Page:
Indices that integrate environmental, social, and governance (ESG) data are moving from the margins to the mainstream, as investors increasingly seek to align their values with their investments. A new type of ESG index is emerging to facilitate this change in Brazil: the S&P/B3 Brazil ESG Index. Jointly developed by S&P Dow Jones Indices (S&P DJI) and the Brazilian stock exchange (Brasil Bolsa Balcão [B3]), this index not only highlights strong ESG companies—as ESG indices have traditionally done—but it also enables allocation to such companies without requiring investors to take on major risks relative to the market.

THE EVOLUTION OF ESG INDICES

In 1999, S&P DJI launched the first global ESG index, the Dow Jones SustainabilityTM World Index (DJSI World). By including the top 10% of companies, industry by industry, according to their ESG performance, as determined by the Corporate Sustainability Assessment (CSA) conducted by SAM, part of S&P Global, this groundbreaking index encouraged companies to incorporate many ESG factors in their decisions, extending beyond short-term financial considerations.

In the years that followed, other indices, including regional versions of the DJSI World, such as the DJSI Emerging Markets, were launched with this same philosophy in mind: to highlight best-in-class companies and thereby inspire companies to improve their ESG approaches in order to qualify for inclusion in these indices.

Though these indices have been successful and have indeed inspired companies to change in positive ways, aspects of their methodologies present challenges for many investors. Some strategies can be too narrow for investors who want to remain broadly diversified. Though many high-conviction investors use the narrow, best-in-class indices for investment, we saw a need from market participants for ESG indices with returns more in line with the broader market, while providing a more sustainable portfolio of companies. An example of an index that launched in 2019 that typifies this investor-oriented methodology is the S&P 500® ESG Index.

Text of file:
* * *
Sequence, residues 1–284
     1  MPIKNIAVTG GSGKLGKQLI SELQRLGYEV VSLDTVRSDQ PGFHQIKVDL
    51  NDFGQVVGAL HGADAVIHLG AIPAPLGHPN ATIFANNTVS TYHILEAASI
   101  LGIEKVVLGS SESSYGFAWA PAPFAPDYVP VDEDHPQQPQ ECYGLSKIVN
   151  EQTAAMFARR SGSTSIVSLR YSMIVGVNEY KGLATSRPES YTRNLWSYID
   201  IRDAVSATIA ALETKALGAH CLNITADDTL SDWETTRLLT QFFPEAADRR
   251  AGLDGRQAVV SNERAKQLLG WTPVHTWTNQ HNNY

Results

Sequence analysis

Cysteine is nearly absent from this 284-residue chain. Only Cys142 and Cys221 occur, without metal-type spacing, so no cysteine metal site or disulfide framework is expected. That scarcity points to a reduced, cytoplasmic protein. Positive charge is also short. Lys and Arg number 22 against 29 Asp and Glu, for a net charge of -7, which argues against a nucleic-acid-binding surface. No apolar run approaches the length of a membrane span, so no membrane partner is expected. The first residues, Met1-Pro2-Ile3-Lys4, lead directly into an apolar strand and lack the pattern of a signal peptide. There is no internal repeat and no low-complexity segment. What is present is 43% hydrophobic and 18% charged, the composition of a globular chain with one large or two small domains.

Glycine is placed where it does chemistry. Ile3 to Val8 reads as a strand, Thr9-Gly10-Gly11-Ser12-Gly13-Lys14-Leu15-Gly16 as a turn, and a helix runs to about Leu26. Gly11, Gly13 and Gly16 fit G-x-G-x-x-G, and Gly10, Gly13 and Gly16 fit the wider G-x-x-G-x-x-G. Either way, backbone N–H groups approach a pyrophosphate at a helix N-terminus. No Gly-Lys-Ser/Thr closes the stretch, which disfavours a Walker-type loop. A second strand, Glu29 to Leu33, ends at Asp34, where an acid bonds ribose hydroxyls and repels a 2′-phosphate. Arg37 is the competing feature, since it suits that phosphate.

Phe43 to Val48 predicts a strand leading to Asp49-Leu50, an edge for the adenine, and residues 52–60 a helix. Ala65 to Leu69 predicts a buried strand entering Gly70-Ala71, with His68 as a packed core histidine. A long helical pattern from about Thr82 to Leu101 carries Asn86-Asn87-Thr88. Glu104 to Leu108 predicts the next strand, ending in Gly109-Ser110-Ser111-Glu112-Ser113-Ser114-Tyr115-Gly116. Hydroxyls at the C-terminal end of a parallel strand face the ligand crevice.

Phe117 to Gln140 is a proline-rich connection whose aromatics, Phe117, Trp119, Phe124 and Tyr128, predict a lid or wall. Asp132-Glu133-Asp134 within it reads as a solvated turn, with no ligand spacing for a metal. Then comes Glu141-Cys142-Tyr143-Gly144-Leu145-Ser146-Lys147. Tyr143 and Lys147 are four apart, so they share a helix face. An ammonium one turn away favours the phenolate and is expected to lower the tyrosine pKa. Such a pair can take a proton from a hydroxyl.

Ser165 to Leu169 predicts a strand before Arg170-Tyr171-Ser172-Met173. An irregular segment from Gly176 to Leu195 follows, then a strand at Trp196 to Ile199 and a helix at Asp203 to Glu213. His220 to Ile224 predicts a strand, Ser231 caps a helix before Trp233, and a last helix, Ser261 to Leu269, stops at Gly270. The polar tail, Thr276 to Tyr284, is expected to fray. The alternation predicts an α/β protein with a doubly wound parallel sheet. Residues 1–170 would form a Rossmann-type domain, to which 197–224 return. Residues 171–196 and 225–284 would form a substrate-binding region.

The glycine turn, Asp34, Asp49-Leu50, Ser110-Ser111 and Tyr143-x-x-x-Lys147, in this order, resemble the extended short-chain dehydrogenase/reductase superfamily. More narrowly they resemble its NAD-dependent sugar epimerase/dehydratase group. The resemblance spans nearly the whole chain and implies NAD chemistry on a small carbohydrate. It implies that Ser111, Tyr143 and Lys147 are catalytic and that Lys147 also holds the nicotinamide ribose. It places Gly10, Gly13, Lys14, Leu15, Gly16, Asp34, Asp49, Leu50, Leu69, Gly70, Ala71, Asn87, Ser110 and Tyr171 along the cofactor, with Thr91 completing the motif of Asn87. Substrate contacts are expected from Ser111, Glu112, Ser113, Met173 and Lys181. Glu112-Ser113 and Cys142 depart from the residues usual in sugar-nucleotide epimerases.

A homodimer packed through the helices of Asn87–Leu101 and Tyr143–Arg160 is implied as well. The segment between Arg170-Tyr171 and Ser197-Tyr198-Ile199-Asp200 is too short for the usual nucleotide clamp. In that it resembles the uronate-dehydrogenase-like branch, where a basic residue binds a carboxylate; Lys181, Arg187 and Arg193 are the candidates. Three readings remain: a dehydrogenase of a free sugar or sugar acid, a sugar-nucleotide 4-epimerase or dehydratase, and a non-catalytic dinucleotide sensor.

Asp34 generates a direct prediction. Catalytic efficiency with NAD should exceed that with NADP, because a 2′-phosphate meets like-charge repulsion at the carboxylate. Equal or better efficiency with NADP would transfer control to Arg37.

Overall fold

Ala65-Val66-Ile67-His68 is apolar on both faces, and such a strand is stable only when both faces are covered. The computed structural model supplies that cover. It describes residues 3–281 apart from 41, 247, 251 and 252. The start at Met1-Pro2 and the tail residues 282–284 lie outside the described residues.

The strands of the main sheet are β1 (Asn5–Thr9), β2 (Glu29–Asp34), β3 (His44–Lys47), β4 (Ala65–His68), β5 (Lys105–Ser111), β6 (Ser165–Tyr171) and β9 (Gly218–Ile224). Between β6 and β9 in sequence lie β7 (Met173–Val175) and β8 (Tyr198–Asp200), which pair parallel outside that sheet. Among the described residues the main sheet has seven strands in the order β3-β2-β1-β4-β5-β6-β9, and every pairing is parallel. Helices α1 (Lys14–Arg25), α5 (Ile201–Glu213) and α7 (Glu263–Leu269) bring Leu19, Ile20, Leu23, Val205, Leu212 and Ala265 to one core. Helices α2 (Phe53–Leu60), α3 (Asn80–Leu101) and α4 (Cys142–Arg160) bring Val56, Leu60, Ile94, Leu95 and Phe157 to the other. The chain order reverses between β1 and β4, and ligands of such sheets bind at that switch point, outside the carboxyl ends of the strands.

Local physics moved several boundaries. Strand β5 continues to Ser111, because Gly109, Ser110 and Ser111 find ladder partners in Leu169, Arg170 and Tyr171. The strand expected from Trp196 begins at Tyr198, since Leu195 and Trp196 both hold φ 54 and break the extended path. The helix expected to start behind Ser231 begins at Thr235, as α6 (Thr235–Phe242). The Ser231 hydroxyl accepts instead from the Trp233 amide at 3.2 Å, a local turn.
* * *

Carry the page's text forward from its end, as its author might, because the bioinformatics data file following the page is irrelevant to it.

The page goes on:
With the launch of the S&P/B3 Brazil ESG Index, Brazil now has an investor-oriented ESG index of its own. This index maintains a large portion of the companies in its underlying index, the S&P Brazil BMI, thereby staying broad and diverse while still screening out companies involved in certain business activities and controversies, as well as those with sustainability profiles that run counter to ESG investors' preferences.

HOW THE INDEX WORKS

The philosophy behind the S&P/B3 Brazil ESG Index is to maintain broad market exposure while aligning with the values of sustainability-focused investors.

The first step is to exclude companies involved in certain business activites contrary to general ESG values. For companies involved in tobacco, controversial weapons, and thermal coal, certain maximum revenue thresholds are set, as defined in the index methodology. If a company generates revenue exceeding these thresholds, it will be excluded at the annual index rebalance that takes place the last business day of April each year. Companies with business practices out of alignment with the United Nations Global Compact (UNGC) are also excluded at the annual rebalance. The exclusion criteria used in Step 1 are provided by Sustainalytics.

Once these exclusions are implemented, an additional screen is applied: companies without S&P DJI ESG Scores are eliminated. Once this is done, the list of companies eligible for the sorting and selection process has been defined.

The remaining companies are then weighted by their ESG scores, subject to certain weighting constraints defined in the methodology. This way, while companies with poor ESG scores can be included, they are given a low weight in the index.

pdf-icon PD F Download Full Article

Processing ...